It’s not quite “in no time,” because the pilot for the new Punky Brewster runs a hair over 28 minutes, which allows for audience applause every time a familiar character appears on-screen or Punky makes a series callback (though it’s much, much shorter than the pilot for Fuller House, which a part of me is still trapped watching somewhere). From there, episodes settle into a sitcom-appropriate running time, which doesn’t mean the audience isn’t boisterous every time the series makes an obvious reference, from little nods like a car radio playing “Maniac” to big nods like a key returning cast member.
Thankfully, the new Punky Brewster has fewer jokes about the old Punky Brewster and more jokes simply in the vein of it — which means not particularly for grown-ups, but reasonably serviceable when delivered by competent child actors. And thankfully again, the young cast of Punky Brewster is very good by genre standards. Donzis is expressive and comically precise, the product of early Disney Channel training. Cottrell and especially De Los Santos have good timing, and Copeland has a ball-of-energy spirit that successfully harkens back to what made Frye such a good juvenile performer. Nobody here exactly seems natural, but let’s not pretend the original Punky Brewster was some paradigm of grounded entertainment, no matter how topical it was.
The six episodes sent to critics (out of 10) suggest that the new Punky Brewster is maintaining that topicality in a way that stresses sincerity, rather than darkness. So no, the Northside Stalker has not returned to terrorize Punky’s Chicago neighborhood. There’s an episode with a pat “Say No to Drugs” message, more cautious than horrified in a world in which marijuana is legal in Illinois. There’s an episode in which characters try to interpret Daniel’s decision to wear a sarong to school, with a lesson focused on general tolerance. Expanding on the themes of the original, this Punky Brewster has an earnestness in its approach to the foster care system, without suggesting an iota of evidence that it has given thought to how the foster care system in Chicago in 2021 has changed since 1984.
Gaynes and occasionally Susie Garrett had to do most of the dramatic heavy lifting in the original series, and again the grownups are entrusted with maintaining gravity. I actually found that I liked adult Soleil Moon Frye more in a quieter register, so I preferred when Punky gets to do something other than echo the character’s greatest hits. Johnson, who has only worked occasionally as an actress in recent years, is solid and has some good scenes with Jasika Nicole as Cherie’s girlfriend. Prinze has always had a likable goofiness in comic roles and he’s fine, as are several recognizable guest stars playing potential love interests for Punky. I can only assume they’re saving Punky animated series breakout Glomer for season two.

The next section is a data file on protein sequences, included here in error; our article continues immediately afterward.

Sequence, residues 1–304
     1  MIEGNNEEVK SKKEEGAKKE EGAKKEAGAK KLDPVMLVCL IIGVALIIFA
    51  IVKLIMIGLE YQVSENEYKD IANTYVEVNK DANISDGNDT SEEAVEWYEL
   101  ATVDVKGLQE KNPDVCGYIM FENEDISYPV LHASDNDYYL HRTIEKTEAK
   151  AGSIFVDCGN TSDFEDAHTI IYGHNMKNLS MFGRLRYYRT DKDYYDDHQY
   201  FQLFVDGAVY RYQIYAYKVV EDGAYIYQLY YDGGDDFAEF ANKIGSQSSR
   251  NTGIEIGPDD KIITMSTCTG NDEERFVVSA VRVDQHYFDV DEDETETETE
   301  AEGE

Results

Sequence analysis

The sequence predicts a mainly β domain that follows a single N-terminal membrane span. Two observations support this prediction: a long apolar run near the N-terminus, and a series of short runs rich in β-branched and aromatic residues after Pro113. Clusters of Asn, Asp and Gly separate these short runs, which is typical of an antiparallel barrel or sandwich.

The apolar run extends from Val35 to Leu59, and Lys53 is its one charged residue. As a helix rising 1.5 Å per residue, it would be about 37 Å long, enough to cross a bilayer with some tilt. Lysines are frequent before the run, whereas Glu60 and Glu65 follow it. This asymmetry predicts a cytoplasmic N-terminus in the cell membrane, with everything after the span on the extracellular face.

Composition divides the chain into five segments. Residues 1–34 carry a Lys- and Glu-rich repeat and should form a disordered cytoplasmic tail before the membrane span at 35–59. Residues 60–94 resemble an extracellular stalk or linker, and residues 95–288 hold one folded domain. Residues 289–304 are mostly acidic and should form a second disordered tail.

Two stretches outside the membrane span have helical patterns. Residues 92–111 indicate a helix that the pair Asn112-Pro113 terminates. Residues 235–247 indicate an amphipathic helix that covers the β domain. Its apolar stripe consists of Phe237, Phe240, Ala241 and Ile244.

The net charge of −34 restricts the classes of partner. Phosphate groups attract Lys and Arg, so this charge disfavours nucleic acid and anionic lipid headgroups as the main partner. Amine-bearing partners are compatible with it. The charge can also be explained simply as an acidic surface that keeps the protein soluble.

Does it matter that Punky Brewster was part of an ’80s sitcom subgenre about kids adopted by questionably suited parents, from Diff’rent Strokes to Webster to Small Wonder? Nah. This is not a reboot that has given consideration to what the property meant in 1984 and what it means now, or to the generally changing sitcom landscape. It hasn’t become a strikingly more mature or clever show to pander to its older, possibly wiser core audience. I didn’t laugh in six episodes, but I smiled here and there. It isn’t so stuck in a rut that it made me angry, nor so adroit that it made me look forward to future episodes. It’s nostalgia-neutral and quality-neutral as well.
Cast: Soleil Moon Frye, Cherie Johnson, Freddie Prinze Jr, Quinn Copeland , Noah Cottrell, Oliver De Los Santos and Lauren Lindsey Donzis
Developed By: Steve and Jim Armogida from the series created by David Duclon
Premieres Thursday, February 25, on Peacock.